Reporter – BTL’s $5.8M tax write-off: Another can of worms for Musa

Original Story:

An agreement signed between government minister Ralph Fonseca and American businessman Jeffrey Prosser in July 2004 has left taxpayers picking up the tab for $5.8 million.

Reporter investigation has revealed Fonseca, on July 29, 2004, signed an agreement with Prosser, to cover Prosser’s loan with the Alliance Bank of Belize.

Prosser secured the loan when he was Chairman of the telecommunications giant, B.T.L., and B.T.L. has been obliged to pay it back.

Now government has agreed to compensate B.T.L. for this by allowing it to deduct the amount of $5.8 million from taxes owed.

Government in April 2004 handed majority control of B.T.L. to Prosser on a platter, after he promised to pay the government some U.S. $52 million for the majority shares in B.T.L. on the strength of a promissory note.

After securing majority control of B.T.L., Prosser secured the $5.8 million loan from the bank and used the money to pay off an Intelco loan which had been guaranteed by the Social Security Board as part of the securitisation programme with the Royal Bank of Trinidad and Tobago.

The Intelco deal did not materialise and now B.T.L., wants its money back.

The startling revelation of the $5.8 million tax write-off is reflected in the B.T.L’ 2006 financial report, which acknowledges “the Government of Belize has agreed to re-imburse the company (B.T.L.) for a total of $5,87,866.

This amount, says B.T.L’s financial statement, covers a significant portion of the principal and interest related to the Alliance Bank loan secured by B.T.L.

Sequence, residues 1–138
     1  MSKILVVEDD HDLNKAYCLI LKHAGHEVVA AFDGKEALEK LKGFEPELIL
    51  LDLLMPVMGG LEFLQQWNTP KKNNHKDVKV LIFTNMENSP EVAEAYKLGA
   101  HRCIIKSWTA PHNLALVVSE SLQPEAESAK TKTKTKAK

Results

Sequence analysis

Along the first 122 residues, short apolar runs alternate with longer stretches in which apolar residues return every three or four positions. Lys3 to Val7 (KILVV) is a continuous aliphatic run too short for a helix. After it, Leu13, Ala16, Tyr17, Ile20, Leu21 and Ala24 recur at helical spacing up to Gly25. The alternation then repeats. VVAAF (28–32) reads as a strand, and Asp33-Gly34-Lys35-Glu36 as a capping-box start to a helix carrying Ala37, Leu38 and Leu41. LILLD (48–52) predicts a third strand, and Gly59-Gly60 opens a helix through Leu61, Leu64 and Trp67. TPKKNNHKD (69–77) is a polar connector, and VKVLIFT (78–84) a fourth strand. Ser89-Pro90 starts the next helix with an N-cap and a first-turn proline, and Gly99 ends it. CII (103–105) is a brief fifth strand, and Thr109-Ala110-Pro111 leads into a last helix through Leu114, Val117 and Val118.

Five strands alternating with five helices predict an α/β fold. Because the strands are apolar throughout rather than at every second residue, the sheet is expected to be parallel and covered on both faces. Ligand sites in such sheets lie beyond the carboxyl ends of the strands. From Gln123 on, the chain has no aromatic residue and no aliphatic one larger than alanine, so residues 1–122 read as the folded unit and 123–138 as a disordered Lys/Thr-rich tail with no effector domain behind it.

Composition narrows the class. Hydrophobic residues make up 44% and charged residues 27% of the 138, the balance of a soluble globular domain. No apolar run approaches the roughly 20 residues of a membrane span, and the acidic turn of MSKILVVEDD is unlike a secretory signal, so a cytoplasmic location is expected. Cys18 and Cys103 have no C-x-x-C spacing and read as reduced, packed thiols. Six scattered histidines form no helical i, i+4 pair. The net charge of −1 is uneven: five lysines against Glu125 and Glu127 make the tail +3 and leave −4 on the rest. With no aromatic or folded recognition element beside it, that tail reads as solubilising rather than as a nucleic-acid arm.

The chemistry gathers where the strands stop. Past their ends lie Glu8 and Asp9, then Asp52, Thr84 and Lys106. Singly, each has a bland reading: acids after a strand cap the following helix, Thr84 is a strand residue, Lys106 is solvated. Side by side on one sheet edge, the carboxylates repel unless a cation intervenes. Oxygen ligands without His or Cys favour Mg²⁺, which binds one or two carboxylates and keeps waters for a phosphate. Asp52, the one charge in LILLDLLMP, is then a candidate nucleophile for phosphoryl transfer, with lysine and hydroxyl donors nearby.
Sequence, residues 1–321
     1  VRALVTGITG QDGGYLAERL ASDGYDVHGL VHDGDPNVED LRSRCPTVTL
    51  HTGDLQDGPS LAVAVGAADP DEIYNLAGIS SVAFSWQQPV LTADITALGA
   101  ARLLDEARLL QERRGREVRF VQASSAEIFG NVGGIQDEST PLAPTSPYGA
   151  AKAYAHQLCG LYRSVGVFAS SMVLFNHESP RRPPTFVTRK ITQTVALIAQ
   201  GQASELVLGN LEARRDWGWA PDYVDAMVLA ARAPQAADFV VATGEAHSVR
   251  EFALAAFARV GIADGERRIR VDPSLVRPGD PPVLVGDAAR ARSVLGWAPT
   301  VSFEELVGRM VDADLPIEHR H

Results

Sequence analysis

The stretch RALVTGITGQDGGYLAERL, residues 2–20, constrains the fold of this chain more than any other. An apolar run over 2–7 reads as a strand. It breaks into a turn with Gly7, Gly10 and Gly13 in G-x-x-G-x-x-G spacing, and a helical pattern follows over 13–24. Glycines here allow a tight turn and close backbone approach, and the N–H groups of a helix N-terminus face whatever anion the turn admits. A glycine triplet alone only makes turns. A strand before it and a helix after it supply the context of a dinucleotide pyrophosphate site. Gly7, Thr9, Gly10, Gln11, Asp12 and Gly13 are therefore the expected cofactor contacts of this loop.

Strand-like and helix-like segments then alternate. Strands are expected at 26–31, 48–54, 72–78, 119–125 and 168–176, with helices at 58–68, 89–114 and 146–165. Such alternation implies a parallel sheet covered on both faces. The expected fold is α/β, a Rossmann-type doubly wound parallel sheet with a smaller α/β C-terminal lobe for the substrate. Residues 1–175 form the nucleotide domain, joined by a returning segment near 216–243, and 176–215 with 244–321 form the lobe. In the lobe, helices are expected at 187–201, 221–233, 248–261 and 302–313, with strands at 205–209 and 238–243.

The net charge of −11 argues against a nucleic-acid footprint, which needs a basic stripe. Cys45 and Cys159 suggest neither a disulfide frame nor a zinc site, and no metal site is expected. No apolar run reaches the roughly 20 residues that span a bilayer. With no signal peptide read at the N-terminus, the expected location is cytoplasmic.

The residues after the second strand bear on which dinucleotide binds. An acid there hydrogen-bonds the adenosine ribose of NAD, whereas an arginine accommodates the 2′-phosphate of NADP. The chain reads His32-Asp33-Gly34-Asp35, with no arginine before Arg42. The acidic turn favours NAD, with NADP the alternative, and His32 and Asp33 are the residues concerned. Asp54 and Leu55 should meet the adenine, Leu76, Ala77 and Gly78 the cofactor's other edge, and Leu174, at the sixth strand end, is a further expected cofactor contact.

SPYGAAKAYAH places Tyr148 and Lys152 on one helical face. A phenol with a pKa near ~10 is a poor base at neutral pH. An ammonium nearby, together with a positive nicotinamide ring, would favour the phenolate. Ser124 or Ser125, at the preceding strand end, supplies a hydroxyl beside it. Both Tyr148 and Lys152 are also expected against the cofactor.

In a report to its directors B.T.L. explains the money was used for the purchase of “Intelco assets, which have now been paid by B.T.L. to the Alliance Bank Limited.”

“Such sum,” the telephone company says, “shall constitute a credit for present or future taxes due and owing by B.T.L.”

Jose Coye, a Cabinet member who sits on the Public Finance Committee, told Reporter this week that this was the first time he had heard of such deal.

“As far as I know the government of Belize does not have any obligation and does not owe B.T.L. any money for such a transaction,” he declared.

Coye said the first time he heard of such a transaction was through a local television report.

He said no such proposal has ever come up before the Public Finance Committee. Neither has the Prime Minister, who is the Minister of Finance, been advised by the Committee of such a decision for a tax write-off for B.T.L.

Coye telephoned this newspaper later in the evening to say he has been given a reasonable explanation as to what the $5.8 million deal is all about.

He confirmed the $5.8 million tax write-off has everything to do with the July 2004 agreement between Prosser and Fonseca.

Prosser signed the agreement on behalf of his Belize Telecom company.

Coye says he has been informed that government financial experts are looking at ways to pay off the $5.8 million to B.T.L. other than by a tax write off.

Coye says government now must do everything in its power to recover the money, especially since tax payers will have to pick up the tab.

A senior government official, said there is no hope government will ever recover the money from Prosser, who has now filed for bankruptcy in the U.S. Virgin Islands.

Legal experts in Belize advised the Minister of Finance does not have legal authority to write-off or to cancel the tax debt of a company.


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